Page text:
Educational Products for Schools
The Wright Group
Everyday Learning/Creative Publications Group
NTC/Contemporary Publishing Group
Instructional Fair Group
Educational Products for Consumers
NTC/Contemporary Publishing Group
Instructional Fair Group
Landoll
Investments
Discourse Technologies (19% owned); ImageBuilder Software (22%)
Tribune Interactive
National Businesses
Classified Businesses
BlackVoices.com
Cubs.com
Go2Orlando.com
Automotive – cars.com
Real Estate – apartments.com
newhomenetwork.com
Recruitment – BlackVoices.com
BrassRing.com, CareerPath.com
Siliconprairie.com, thepavement.com
General merchandise – Auctions.com
Local Businesses
Chicagotribune.com
Dailypress.com
Orlandosentinel.com
Sun-sentinel.com
Metromix.com
Showtimeinteractive.com
HRticket.com
ChicagoSports.com
Web sites for all tribune television
and radio stations
Copyright В© 2001, Institute for Technology and Enterprise, Polytechnic University.
16
Exhibit 3
History of the Chicago Tribune34
1847 - The Chicago Tribune newspaper is founded by 2 newspapermen – John E. Wheeler and
Joseph K. C. Forrest and a leather merchant – James Kelly. The first edition was a 4-page
newspaper – The Chicago Daily Tribune. 400 copies were printed.
1848 - The Tribune becomes the first paper in the west to receive regular news by wire. By the
end of 1849 circulation was near 1000.
1852 - The subscription price for The Tribune is raised to 15c.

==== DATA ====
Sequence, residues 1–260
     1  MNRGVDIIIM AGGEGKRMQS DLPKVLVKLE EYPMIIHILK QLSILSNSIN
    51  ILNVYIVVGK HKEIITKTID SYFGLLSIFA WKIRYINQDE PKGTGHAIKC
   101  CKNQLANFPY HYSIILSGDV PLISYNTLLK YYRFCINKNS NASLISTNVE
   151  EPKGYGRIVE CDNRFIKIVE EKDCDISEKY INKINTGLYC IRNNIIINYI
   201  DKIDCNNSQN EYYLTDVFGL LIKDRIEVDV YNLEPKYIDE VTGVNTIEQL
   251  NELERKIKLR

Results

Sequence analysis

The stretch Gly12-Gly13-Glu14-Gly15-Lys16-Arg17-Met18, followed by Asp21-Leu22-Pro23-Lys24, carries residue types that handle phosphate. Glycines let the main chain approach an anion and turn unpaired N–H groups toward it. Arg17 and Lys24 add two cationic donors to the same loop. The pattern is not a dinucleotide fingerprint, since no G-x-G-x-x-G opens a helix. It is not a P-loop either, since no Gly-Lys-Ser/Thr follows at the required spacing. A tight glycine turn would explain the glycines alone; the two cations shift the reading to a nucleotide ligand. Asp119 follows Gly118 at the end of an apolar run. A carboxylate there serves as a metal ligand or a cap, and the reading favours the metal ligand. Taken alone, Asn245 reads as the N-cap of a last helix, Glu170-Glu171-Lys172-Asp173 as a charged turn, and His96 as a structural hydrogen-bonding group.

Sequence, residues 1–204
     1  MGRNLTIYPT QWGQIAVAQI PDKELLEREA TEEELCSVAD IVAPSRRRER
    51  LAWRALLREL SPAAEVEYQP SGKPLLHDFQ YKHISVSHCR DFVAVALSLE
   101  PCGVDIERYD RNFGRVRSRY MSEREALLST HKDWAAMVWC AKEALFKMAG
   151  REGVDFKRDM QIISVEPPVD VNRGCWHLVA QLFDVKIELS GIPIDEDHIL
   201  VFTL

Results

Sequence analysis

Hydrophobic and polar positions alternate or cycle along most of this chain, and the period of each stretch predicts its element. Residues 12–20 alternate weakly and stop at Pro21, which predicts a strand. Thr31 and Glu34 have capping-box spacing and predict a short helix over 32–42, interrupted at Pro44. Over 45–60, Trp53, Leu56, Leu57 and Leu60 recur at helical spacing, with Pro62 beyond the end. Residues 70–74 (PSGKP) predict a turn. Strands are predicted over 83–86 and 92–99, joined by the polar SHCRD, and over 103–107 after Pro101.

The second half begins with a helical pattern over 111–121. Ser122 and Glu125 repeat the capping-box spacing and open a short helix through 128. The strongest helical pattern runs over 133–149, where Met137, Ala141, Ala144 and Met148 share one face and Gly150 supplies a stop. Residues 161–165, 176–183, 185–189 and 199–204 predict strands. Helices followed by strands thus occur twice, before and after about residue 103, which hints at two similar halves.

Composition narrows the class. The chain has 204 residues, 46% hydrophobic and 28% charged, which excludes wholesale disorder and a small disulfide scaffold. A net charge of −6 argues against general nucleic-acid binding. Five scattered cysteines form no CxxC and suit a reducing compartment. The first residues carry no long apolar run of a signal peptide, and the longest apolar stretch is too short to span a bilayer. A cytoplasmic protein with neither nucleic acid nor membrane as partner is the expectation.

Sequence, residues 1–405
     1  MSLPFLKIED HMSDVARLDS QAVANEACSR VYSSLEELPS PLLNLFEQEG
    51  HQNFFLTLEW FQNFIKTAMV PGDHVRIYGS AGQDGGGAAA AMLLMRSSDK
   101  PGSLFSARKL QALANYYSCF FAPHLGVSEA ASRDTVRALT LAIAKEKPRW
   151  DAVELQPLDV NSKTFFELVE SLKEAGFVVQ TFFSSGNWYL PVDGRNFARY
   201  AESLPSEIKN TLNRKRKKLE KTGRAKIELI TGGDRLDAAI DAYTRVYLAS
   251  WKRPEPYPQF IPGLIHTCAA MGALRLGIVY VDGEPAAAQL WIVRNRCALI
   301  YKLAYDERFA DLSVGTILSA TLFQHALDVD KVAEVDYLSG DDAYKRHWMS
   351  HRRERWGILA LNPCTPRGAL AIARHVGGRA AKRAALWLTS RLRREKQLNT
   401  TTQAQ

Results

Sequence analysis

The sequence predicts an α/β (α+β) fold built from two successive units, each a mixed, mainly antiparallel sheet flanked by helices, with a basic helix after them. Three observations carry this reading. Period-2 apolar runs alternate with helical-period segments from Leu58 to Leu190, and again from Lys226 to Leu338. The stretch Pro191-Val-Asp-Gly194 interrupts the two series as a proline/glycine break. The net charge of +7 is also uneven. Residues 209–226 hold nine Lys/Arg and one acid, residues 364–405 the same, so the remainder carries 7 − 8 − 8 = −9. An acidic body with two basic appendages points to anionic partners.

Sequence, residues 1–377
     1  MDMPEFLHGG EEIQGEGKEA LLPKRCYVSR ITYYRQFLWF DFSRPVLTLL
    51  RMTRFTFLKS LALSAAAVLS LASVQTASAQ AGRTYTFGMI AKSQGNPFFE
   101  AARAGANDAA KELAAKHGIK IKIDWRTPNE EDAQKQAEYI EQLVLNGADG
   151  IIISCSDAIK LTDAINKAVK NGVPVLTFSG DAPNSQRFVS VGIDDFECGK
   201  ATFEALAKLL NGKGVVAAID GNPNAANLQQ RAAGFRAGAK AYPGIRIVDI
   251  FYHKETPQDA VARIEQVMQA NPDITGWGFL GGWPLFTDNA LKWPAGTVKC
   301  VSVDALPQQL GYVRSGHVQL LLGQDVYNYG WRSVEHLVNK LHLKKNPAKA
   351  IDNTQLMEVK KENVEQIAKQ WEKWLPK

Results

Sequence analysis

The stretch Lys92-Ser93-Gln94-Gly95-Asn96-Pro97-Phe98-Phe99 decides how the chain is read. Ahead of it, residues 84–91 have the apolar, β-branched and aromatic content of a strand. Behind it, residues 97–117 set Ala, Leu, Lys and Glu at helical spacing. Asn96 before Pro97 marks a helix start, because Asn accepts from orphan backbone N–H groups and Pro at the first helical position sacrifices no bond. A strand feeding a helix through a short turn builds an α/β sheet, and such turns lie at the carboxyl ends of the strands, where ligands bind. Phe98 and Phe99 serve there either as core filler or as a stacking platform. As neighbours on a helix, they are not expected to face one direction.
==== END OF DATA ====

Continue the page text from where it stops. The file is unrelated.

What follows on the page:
July 1, 1858 - The Chicago Daily Tribune and the Democratic Press merge to become the
Chicago Daily Press and Tribune.
1861 - The Tribune takes over Chicago’s oldest paper The Daily Democrat.
1871 - The Great Chicago Fire. The buildings housing the paper are totally destroyed by the
fire.
1897 – The newspaper prints its first half-tone image.
1903 – The first daily spot color begins running.
1912 - The Tribune builds its first paper mill in Ontario.
1924 – The paper expands into local radio
1925 – The Tribune Tower is dedicated.
1931 – The “Dick Tracey” comic strip begins publishing.
1939 – The Tribune prints the first-ever full-color spot news photo.
1948 – The Tribune’s television station – WGN - begins broadcasting
1981 – The Tribune Company purchases the Chicago Cubs baseball team.
1983 – The Tribune Company goes public.
1991 - The Tribune Company makes a $5 million investment in America Online.
1992 – The Tribune goes digital with Chicago Online - available via America Online.
October, 1995 – CareerPath is formed as an employment information service – in conjunction
with The Boston Globe, Los Angeles Times, The New York Times, San Jose Mercury News,
and The Washington Post.
Copyright В© 2001, Institute for Technology and Enterprise, Polytechnic University.
17
March, 1996 – The Tribune launches its Web site, the Chicagotribune.com.
September, 1996 – Digital City Arlington Heights is unveiled – Chicago’s first �virtual
community’.
June 10, 1997 – The Tribune marks its 150th anniversary with a free public celebration. The
Tribune is older than The New York Times (146 years old), The Washington Post (120), The
Los Angeles Times (116), and The Wall Street Journal (108).
July, 1997 – Community Web sites are expanded to 20.
February, 1998 – The Chicagotribune.com web site is redesigned so that news and advertising
are divided into 7 categories.
December, 1998 – The Chicago Tribune’s Media Services launch FanStand. This site provides
online shopping for film and television related merchandise.
March, 1999 – The Tribune Company announces that it will digitize its entire archive of news
clippings (1985 to date is already online). The completed database will house over 15 million
images and include content from as early as 1920. Images and full text of every front page
since 1849 will also be available, as will obituaries and death notices.